Morecambe keeper Barry Roche’s debt of gratitude to PFA & why Man Utd legend Peter Schmeichel is his idol

Barry Roche would like to stay in the game when he hangs up his boots (Getty Images)Barry Roche would like to stay in the game when he hangs up his boots (Getty Images)
Barry Roche would like to stay in the game when he hangs up his boots (Getty Images)
Morecambe keeper Barry Roche is celebrating his testimonial season. The Shrimps club captain tells Tony Dewhurst how the Professional Footballers’ Association helped save his career

Four years ago keeper Barry Roche was convinced his Morecambe career was at an end.

Roche has not featured for Morecambe since the Shrimps’ draw against Newport County at Rodney Parade in October.

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But now he has returned to full fitness again following a wrist operation and keen to claim the number one 
shirt he has made his own for so long.

Peter Schmeichel is Roche's all-time No.1 (Photo: Getty Images)Peter Schmeichel is Roche's all-time No.1 (Photo: Getty Images)
Peter Schmeichel is Roche's all-time No.1 (Photo: Getty Images)

But four years ago his injury concerns were much more concerning.

“I was told that I had a 
50-50 chance of resuming my career following 
hip surgery,” said the 36-year-old.

“I had to face the fact that I wouldn’t play again. It was very scary, and with a young family to look after, I was absolutely devastated because football was my 

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“The surgeon warned me that the recovery would be long and hard, but then the Professional Footballers’ Association offered to fund my recovery at St George’s Park, where the England national team train.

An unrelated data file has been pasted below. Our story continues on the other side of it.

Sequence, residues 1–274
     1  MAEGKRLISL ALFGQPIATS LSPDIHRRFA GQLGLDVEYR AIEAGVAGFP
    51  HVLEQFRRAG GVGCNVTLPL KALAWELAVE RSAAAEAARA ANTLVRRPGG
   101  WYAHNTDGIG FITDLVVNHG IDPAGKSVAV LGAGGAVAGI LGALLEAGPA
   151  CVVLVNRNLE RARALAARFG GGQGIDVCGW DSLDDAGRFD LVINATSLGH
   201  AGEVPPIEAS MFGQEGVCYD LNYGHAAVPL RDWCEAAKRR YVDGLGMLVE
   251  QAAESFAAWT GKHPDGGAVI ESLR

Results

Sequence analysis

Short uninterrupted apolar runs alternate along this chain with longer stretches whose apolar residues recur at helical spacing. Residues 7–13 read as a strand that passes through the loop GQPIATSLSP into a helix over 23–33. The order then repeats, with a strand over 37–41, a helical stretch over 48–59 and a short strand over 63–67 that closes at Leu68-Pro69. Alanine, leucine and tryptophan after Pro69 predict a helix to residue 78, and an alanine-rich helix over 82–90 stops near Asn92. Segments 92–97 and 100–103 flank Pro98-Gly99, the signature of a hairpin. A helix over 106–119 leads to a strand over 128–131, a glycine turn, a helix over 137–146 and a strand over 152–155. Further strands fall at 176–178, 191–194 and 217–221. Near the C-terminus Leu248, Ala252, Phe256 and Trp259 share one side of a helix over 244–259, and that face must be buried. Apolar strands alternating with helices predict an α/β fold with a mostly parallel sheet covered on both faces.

“Morecambe didn’t have those facilities, and I was treated by some of the finest physiotherapists in the land.

“It was an incredible gesture by my union, absolutely fantastic, and that special rehabilitation saved my career.

“The PFA has played a huge role, helping me prepare for life after football and when Morecambe suffered a financial crisis they stepped in.

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“The hardest thing when you are playing for a lower league club is the uncertainty and lack of security.

“You are playing for your future every season and we had 22 players who had not received a penny for several weeks, many couldn’t pay their mortgage or bills.

“One of the lads had bought a new house and told me that he had £26 in his bank account and that he couldn’t afford to travel to training.

“It was a desperately worrying situation, but every day I spoke to Simon Barker, the PFA assistant chief executive, who gave us all superb advice and the help we needed.

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“Simon travelled from Manchester to address the players and the PFA paid our wages.

“It produced a siege mentality, bringing us together, with the players, supporters and staff determined to keep us afloat.

“And when the manager, Jim Bentley, was fined £1,000 following a touchline incident the supporters raised the cash to pay it.

“He was presented with the money by a fan who told him, ‘We all care about you and we stand shoulder to shoulder with the players.’